• EV charging/route design optimization

Large-scale fleet electrification is not only possible but happening in real time using proven processes that guarantee results. 2030 is just around the corner, and in terms of the transition to zero-emission fleets, we need to move further, faster. The time to electrify at scale is now.

3. Integrating diverse stakeholders

It’s difficult for some fleet organizations to understand the total cost of ownership for zero-emissions vehicles. This is because many fleet and transit agency departments are structured where capital expenses and operating expenses are paid for by different departments.

A new, integrated approach is necessary for the transition to EVs to better align with the internal budgetary processes of organizations looking to electrify and make processes clearer and simpler.

Today’s most comprehensive solutions include “as a Service” models where trusted third-party providers can customize, build, manage — and even finance and own — fleet charging infrastructure. This lifts a huge amount of burden and risk off the organization itself. Turnkey “as a Service” partners also help break down internal siloes blocking the effective management of EV fleets and charging infrastructure. How? By becoming a single point of contact and coordinating collaboration across departments.

Private fleet owners may need external stakeholder involvement too, because of the significant up-front cost of EV vehicles and charging infrastructure. Involving third parties to build and/or operate these fleets can:

  • Help accelerate private and public sector transportation decarbonization efforts
  • Ensure that they are meeting performance
  • Help them meet or surpass sustainability standards

Previously, fleet and infrastructure groups could operate independently. Now that integration is critical for the long-term success of a fleet, additional internal and external stakeholders are important for making meaningful long-term decisions.

Moving faster toward decarbonization

As President John Adams said during Thomas Jefferson’s time as his vice president, “a dinner party is worth a thousand meetings.” We have to agree and are hopeful and excited by the conversations with industry thought leaders at this recent event.

The transportation industry must live up to the challenge of decarbonizing as fast as possible while accounting for the long-term viability of its new systems. To achieve this, event participants highlighted the need for systems thinking and an infrastructure-first mindset to enable faster scaling of EV fleets, as well as the integration of internal and external stakeholders.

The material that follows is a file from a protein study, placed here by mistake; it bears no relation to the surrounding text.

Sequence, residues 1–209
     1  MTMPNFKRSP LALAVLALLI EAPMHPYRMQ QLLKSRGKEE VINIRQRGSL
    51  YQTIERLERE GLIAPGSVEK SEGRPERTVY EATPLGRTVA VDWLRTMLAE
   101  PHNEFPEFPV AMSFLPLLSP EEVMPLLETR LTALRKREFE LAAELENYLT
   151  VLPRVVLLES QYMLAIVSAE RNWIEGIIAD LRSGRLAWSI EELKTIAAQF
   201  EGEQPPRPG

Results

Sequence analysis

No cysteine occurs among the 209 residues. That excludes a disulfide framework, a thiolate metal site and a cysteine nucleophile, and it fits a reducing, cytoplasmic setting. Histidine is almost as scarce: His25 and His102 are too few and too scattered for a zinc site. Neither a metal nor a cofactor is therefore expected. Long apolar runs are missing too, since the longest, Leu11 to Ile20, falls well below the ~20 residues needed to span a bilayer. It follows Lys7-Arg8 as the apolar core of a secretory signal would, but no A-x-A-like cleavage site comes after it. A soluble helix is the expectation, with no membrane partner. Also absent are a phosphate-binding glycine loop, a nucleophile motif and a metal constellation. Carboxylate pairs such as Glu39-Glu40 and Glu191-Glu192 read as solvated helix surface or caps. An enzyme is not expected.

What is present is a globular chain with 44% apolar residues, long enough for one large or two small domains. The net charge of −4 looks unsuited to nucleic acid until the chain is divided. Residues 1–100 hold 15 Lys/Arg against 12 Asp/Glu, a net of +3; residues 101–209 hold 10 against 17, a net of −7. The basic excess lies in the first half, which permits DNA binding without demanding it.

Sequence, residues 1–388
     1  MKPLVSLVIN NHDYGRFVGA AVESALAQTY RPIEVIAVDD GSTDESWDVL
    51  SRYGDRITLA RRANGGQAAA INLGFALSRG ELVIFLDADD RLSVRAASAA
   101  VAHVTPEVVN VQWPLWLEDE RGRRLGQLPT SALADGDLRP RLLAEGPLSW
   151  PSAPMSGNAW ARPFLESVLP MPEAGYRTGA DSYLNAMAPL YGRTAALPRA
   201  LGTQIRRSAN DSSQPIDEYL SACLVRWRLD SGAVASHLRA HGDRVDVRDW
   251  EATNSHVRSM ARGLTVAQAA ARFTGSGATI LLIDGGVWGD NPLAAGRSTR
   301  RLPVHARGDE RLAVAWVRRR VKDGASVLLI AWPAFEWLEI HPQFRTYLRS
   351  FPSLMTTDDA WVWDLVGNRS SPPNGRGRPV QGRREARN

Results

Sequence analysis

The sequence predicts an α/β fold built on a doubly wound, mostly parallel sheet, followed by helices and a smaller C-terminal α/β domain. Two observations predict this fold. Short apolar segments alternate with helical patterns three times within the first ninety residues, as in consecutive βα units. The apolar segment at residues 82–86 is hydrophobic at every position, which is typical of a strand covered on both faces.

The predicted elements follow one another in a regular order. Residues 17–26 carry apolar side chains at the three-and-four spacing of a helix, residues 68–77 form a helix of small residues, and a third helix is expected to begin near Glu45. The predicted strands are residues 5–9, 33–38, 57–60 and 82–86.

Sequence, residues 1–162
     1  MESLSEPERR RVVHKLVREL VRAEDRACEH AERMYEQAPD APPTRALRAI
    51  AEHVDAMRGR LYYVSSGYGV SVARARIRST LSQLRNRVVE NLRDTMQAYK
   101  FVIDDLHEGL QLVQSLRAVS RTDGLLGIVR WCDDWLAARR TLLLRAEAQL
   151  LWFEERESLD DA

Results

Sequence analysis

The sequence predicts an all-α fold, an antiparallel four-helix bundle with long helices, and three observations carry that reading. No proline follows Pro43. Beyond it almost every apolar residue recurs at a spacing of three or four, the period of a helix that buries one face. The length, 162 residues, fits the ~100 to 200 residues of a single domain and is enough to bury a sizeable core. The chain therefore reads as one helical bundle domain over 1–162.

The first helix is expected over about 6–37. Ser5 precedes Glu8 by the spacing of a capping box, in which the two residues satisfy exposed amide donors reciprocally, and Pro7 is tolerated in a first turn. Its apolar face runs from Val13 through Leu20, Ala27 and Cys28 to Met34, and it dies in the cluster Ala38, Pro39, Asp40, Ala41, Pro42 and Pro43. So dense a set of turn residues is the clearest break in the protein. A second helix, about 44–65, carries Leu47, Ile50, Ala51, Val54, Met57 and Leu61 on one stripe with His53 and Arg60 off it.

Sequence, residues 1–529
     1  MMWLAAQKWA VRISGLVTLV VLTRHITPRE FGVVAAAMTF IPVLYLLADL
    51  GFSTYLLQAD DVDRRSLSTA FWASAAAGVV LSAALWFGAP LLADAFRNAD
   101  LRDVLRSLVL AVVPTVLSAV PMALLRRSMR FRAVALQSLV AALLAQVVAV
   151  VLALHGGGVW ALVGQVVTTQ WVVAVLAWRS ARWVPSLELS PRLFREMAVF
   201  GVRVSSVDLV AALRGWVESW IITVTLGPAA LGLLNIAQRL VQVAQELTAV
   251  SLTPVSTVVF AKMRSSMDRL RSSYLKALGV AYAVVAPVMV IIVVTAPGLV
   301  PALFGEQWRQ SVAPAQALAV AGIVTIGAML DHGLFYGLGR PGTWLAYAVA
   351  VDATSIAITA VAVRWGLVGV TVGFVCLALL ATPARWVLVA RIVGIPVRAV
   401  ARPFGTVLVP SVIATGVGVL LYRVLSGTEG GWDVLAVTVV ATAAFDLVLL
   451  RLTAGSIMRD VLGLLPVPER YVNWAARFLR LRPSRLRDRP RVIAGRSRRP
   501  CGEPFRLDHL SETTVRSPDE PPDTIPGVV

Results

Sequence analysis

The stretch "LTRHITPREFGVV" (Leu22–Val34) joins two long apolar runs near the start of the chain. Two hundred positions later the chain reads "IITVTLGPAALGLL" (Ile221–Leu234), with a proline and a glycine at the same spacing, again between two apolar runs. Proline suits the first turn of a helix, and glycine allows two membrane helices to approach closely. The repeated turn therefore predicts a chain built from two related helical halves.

Electrification is no small feat, but with the right partners and business models, organizations can accelerate decarbonization efforts further and faster.

1., Fact Sheet: President Biden Announces Steps to Drive American Leadership Forward on Clean Cars and Trucks, 2021

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About the Author

Maeve Lawniczak

Maeve Lawniczak

Solution Architect, AlphaStruxure

Maeve Lawniczak is a Solution Architect for AlphaStruxure. As part of the business development team Maeve works closely with clients, external commercial organizations, and internal team members to develop holistic technical solutions that meet the client’s energy needs as well as project timeline expectations, development expenses and overall economics for long-term EaaS opportunities.

Prior to AlphaStruxure, Maeve was Solution Architect for Schneider Electric’s Microgrid Competency Center. Her experience in this role expanded her project development acumen in several areas, from project economics and market analysis to technology selection and risk management. She also managed project proposal processes requiring the alignment of work groups within and outside of Schneider Electric, demonstrating ability to delegate tasks as needed, work under tight deadlines, and adapt to new content in a short amount of time. She supported the development of microgrid projects using specialized software and customized excel models to propose the economics of Solar PV, energy storage and onsite generation such as combined heat and power (CHP) solutions for grid-tied and fully-islandable microgrids.

Maeve has a master’s degree in Electrical and Electronics Engineering and bachelor’s degrees in Electrical Engineering and Psychology from the University of Tennessee. While attending UT Maeve served as the IEEE Student Branch Chairperson for the College of Engineering and participated in numerous other organizations advocating for women in engineering and technology.